Lets go back to the beginning. Within The Woods. The film that convinced a bunch of Midwestern dentists to give a couple hundred thousand dollars to three strange kids, led by a cocky twenty year old, who thought they could make a horror movie out in a cabin they knew about.
But of course that’s not really the beginning. The wonderful thing about Raimi is that the beginning truly seems to have been his beginning. Like a filmmaking John Henry, Raimi was born to make movies.
The DVD I own of Within The Woods includes other Raimi shorts that predate it; including the infamous Attack Of The Helping Hand:
Cleveland Smith: Bounty Hunter, and Torro Torro Torro. But according to Bill Warren’s The Evil Dead Companion I’m missing titles that come before that. Film’s like William Shakespeare: The Movie, It’s Murder, The Happy Valley Kid, Clockwork (Raimi’s first horror film), I’ll Never Heil Again, all the way back to Inspector Klutz Saves The Day, made when Raimi was ten.
This might seem like so much esoterica and undoubtedly it is. But it is also illustrative of something that is in the core of Raimi as a filmmaker, the thing I want to highlight with this blogothon, the irrepressible instinct towards filmmaking.
In today’s era of “light by eye” digital cameras and editing systems for the taking I feel like it may be lost on some of my younger readers just how remarkable this DIY instinct was. In the democratization of filmmaking a certain aspect of film production has been lost. It used to be, for independent filmmakers, the fact that you could make a film was as significant as the film itself. Filmmaking was not a lark, even the simplest required dedication that verged on monastic in the demands of the shooting, editing and expense of it’s making. Raimi embodied that dedication and he did it so lightly that the smirk never left his face.
So how is Within The Woods? Well the phrase “completists only” comes to mind. I don’t necessarily mean that as a bad thing, the film is fascinating in how it allows us to chart Raimi’s development as a filmmaker. Mostly because of what Raimi doesn’t do in it. Let me put it this way, I’ve never respected Evil Dead more than after watching Within The Woods.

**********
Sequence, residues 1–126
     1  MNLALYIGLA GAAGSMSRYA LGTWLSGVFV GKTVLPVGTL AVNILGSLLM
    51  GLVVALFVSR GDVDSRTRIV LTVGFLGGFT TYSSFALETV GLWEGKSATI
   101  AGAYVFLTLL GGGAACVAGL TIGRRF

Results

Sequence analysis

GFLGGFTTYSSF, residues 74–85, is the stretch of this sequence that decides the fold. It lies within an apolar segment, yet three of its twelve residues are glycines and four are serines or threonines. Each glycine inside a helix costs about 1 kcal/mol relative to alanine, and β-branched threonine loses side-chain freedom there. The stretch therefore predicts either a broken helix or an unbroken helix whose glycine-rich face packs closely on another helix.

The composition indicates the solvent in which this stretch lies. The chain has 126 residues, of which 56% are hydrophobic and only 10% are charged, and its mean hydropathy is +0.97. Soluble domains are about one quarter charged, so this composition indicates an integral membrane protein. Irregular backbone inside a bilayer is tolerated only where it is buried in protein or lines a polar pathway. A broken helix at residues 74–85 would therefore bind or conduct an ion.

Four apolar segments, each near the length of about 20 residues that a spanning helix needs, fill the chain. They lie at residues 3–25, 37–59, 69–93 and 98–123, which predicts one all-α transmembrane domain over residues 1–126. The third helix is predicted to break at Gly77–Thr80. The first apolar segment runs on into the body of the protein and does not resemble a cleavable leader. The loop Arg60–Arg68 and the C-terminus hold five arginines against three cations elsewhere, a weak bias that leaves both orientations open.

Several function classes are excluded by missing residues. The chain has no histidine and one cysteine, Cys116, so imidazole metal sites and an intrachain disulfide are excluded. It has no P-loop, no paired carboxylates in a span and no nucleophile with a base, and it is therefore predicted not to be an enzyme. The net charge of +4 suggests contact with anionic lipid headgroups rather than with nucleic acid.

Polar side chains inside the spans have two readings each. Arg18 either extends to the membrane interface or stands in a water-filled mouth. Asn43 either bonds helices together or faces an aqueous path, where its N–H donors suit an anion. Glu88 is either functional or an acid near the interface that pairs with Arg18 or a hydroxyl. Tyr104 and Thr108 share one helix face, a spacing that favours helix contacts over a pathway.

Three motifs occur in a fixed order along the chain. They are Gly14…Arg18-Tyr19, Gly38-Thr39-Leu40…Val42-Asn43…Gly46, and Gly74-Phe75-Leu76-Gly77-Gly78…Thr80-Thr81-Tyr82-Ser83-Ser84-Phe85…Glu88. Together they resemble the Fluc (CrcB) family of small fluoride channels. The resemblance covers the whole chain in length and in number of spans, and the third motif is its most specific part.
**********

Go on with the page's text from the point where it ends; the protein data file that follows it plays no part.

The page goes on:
So what is it that separates Within The Woods from Evil Dead? What is it that makes one an obscure test run and the other a cult classic?
Well the funny thing about Within The Woods is just how standard it is. Were it not for the presence of such Raimi regulars as Campbell, Ellen Sandweiss and Scott Spiegel one would hardly be able to differentiate it from any other bloody cheapie. The film follows a couple who goes camping in the woods and make the unwise decision to picnic over an old Indian Burial Ground. Bruce Campbell is possessed and chases the other back to a cabin where he kills their waiting friends.
If that sounds familiar it won’t be the last time. Much of the make up, props, concepts, lines, even entire sequences that will show up over the next two Evil Dead films are here, fully formed. Though little of their imagination, tension, humor or creativity is evident (truth in criticism the copy I have is ugly as sin. 8mm is a notoriously muddy stock to begin with, but my copy is obviously taken from what looks like an eighteenth generation dub of a VHS, with the tracking marks to prove it. Still I pride myself on thinking that I’d know a creative set up when I saw it. Mud or no.) In all fairness the film does have Raimi’s trademark gusto, sick creativity in its effects and aforementioned inherent joy in its making. The film does its moments, including a shot of a severed hand upsetting a board of monopoly that hints at the dark humor of the upcoming films and a nicely done stinger at the end. But it’s not where Within The Woods is similar to Evil Dead that is so important. It is the key places were the films diverge.
Contrast that dusty old “Old Indian Burial Ground” cliche to Raimi’s intricate and fractured Kandarian mythology. Compare the bland cast of Raimi’s short to the idiosyncratic cast of oddballs and chicken hearts who would popular Raimi’s later trilogy. Compare the standard jump scares to the demented anarchy of his later horror. Now obviously this is a short so a certain short hand is necessary for communication sake. The lesson Raimi seems to have taken from the film is that more of his personality in the film the better it would be. Few directors have been as well served.
Within The Woods is exactly what it looks like, a demo reel, a warm up, a film that bites at the chance to prove what they can really do. On those terms it succeeds beautifully. It was good enough to convince a bunch of Midwestern Dentists and it was good enough to convince me. Of course Raimi had just barely revealed his potential…